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Reconstruction of the mitochondrial DNA sequence and analysis shows an allele frequency consistent with a B2 haplotype group found on the west coast of South America, supporting the claimed origination of the specimen from the Atacama Desert region of Chile.
To the chagrin of UFO hunters, Ata is decidedly of this world. After mapping more than 500 million reads to a reference human genome, equating to 17.7-fold coverage of the genome, Nolan concluded that Ata "is human, there's no doubt about it." Moreover, the specimen's B2 haplotype—a category of mitochondrial DNA—reveals that its mother was from the west coast of South America: Chile, that is.
Meanwhile, after examining x-rays, Lachman concluded that Aka's skeletal development, based on the density of the epiphyseal plates of the knees (growth plates at the end of long bones found only in children), surprisingly appears to be equivalent to that of a 6- to 8-year-old child. If that holds up, there are two possibilities, Nolan says. One, a long shot, is that Ata had a severe form of dwarfism, was actually born as a tiny human, and lived until that calendar age. To test that hypothesis, he will try to extract hemoglobin from the specimen's bone marrow and compare the relative amounts of fetal versus adult hemoglobin proteins. The second possibility is that Ata, the size of a 22-week-old fetus, suffered from a severe form of a rare rapid aging disease, progeria, and died in the womb or after premature birth.
Nolan hasn't yet turned up hits for genes known to be associated with progeria or dwarfism. He's stepping up the search for mutations through additional sequencing and casting a wider net. Another possibility is a teratogen: a birth defect-inducing toxicant along the lines of thalidomide. Nolan plans to analyze tissue using mass spectrometry to look for toxicants or metabolites. But reports of a handful of other Tom Thumb-sized skeletons from Russia and elsewhere have Nolan leaning toward a genetic explanation.
At least one expert has a more prosaic take—but agrees that the specimen is human. "This looks to me like a badly desiccated and mummified human fetus or premature stillbirth," says William Jungers, a paleoanthropologist and anatomist at Stony Brook University Medical Center in New York. He notes that "barely ossified and immature elements" of the hands and feet, and the wide open metopic suture, where the two frontal bones of the skull come together down the middle of the forehead. "Genetic anomalies are not evident, probably because there aren't any," he says. Nolan responds that the rib number and epiphyseal plate densities remain a riddle; while he is open to the fetus hypothesis, he thinks that the jury is still out.
Garry Nolan, professor of microbiology and immunology at the Stanford School of Medicine, along with others, studied the skeleton extensively in 2012.
According to Nolan, the humanoid is male and shows indications of being about six to eight years old at death, despite its tiny size, and this is probably due to one of two causes: the Atacama humanoid may have suffered from a severe form of the rapid aging disease progeria, and died in the womb or after premature birth, or, less likely, it had a severe form of dwarfism, was actually born as a tiny human, and lived until age six to eight.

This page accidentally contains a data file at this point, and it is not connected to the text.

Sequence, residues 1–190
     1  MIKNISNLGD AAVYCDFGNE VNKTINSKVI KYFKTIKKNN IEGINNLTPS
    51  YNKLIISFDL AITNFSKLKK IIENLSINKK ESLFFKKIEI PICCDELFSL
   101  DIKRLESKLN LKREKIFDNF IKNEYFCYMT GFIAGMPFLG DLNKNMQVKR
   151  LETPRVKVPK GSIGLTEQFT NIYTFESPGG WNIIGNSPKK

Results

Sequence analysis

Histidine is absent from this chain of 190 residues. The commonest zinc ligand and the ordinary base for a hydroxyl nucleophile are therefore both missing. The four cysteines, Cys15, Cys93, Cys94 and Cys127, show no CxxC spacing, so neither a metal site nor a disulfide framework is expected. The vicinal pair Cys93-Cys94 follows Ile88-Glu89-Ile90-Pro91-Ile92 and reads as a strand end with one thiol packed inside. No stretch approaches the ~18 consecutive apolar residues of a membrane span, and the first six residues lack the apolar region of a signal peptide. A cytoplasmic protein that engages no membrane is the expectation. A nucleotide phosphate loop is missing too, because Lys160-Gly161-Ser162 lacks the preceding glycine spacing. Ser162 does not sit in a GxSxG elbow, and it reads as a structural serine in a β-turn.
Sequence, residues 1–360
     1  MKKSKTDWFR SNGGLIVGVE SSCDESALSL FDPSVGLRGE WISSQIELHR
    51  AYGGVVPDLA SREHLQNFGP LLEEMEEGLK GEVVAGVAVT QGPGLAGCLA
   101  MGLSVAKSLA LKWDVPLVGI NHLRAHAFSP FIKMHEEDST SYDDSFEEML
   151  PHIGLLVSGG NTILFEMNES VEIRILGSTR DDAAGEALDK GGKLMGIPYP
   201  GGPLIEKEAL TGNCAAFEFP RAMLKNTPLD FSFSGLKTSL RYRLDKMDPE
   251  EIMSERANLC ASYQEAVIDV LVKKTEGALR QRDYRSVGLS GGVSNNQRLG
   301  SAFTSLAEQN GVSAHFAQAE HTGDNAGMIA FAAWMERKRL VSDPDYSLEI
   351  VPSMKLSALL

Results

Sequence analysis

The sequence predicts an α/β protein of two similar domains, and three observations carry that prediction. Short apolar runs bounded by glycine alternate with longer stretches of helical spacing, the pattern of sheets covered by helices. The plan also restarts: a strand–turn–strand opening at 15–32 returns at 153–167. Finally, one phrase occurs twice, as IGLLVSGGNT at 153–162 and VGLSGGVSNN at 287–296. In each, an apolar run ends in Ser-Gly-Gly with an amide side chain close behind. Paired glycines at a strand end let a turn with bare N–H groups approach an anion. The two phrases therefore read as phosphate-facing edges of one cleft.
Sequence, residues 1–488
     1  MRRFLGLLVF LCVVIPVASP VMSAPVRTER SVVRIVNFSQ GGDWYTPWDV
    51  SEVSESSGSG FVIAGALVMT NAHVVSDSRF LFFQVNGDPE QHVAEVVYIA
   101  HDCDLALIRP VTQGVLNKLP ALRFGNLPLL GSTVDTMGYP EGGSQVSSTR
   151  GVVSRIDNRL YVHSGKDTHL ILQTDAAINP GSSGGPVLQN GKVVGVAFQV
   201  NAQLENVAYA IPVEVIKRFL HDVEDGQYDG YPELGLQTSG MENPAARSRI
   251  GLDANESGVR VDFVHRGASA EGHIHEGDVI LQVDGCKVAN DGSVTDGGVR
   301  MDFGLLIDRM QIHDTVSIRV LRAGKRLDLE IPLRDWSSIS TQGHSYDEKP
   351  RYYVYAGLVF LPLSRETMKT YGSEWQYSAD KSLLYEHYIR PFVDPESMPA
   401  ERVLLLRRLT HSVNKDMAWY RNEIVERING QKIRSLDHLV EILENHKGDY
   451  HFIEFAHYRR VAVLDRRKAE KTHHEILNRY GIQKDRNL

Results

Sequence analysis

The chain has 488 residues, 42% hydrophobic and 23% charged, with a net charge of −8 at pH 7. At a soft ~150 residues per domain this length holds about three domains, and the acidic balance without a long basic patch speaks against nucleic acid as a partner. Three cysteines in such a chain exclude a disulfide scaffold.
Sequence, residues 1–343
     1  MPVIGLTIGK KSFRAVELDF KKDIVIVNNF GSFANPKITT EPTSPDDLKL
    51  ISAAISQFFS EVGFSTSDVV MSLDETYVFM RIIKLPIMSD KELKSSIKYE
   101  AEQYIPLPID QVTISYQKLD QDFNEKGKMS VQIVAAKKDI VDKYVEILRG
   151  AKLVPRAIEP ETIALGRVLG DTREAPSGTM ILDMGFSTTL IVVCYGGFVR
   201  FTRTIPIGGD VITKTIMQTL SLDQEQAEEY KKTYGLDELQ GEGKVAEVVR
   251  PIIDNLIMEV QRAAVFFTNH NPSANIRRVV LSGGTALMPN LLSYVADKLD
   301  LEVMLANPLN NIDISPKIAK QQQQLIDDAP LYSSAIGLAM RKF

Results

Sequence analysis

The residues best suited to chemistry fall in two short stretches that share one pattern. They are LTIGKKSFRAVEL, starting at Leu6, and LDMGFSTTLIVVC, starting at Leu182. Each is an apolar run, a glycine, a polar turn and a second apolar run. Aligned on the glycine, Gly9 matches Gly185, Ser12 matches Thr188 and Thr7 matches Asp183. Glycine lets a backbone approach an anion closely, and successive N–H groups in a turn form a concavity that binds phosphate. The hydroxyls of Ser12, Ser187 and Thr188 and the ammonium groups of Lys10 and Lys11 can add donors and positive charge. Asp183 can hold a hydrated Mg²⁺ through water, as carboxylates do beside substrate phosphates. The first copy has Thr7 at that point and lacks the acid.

"It's an interesting medical mystery of an unfortunate human with a series of birth defects that currently the genetics of which are not obvious," wrote Nolan.
The researchers have not yet found any of the genetic mutations commonly associated with any form of dwarfism.
Even if such mutations are found, other aspects of the skeleton might not be explained by them; there is no known form of dwarfism that accounts for all of the anomalies seen in the specimen, according to pediatric radiologist Ralph Lachman, a clinical professor at Stanford University and professor emeritus at the UCLA School of Medicine and co-director of the International Skeletal Dysplasia Registry at Cedars-Sinai Medical Center.
William Jungers, a paleoanthropologist and anatomist at Stony Brook University Medical Center, notes that the specimen looks to him like a desiccated and mummified human fetus or premature stillbirth.
Originally posted by solve
reply to post by OrionHunterX
hello, that is an intriguing subject indeed,,,,
i am a skulls and bones collector, sculptor, and a model designer...
i could pull that of quite easily,---but those ex-rays confuse me,,, there are some unexplained questions..
the give away are the finger bones, those are hard to do,,, and as in this case, those are not done as nicely, as the rest of the mummy.... also the missing knee joints and etc...
i still hope its an actual alien mummy,,,edit on 3-6-2013 by solve because: joints missing?
Originally posted by wildtimes
After all, Greer DID SAY he's not claiming it's ET. He's saying they don't know what it is, how it survived, or if it's a previously unknown genetic "mutation" -
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